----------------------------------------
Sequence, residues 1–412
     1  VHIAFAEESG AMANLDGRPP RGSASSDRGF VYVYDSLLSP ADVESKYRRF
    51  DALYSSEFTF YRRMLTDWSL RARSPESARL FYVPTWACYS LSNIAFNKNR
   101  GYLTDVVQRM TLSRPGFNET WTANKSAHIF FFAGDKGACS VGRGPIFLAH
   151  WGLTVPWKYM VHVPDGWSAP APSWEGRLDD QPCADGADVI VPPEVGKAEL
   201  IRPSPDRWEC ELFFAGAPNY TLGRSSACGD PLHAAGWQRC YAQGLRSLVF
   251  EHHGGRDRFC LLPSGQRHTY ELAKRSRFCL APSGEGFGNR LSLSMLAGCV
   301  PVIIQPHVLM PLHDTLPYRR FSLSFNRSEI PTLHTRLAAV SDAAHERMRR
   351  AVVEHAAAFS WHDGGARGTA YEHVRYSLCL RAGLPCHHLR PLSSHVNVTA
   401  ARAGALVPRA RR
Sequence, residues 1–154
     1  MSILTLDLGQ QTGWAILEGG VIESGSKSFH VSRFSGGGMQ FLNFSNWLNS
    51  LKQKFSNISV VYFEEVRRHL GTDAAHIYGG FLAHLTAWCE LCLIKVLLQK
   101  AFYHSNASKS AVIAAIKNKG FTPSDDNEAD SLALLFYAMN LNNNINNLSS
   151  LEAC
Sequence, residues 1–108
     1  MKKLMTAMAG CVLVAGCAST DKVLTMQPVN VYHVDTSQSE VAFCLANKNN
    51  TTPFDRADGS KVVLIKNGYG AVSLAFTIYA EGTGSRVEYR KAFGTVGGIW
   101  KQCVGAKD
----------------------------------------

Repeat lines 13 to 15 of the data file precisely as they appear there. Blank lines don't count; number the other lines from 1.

    51  LKQKFSNISV VYFEEVRRHL GTDAAHIYGG FLAHLTAWCE LCLIKVLLQK
   101  AFYHSNASKS AVIAAIKNKG FTPSDDNEAD SLALLFYAMN LNNNINNLSS
   151  LEAC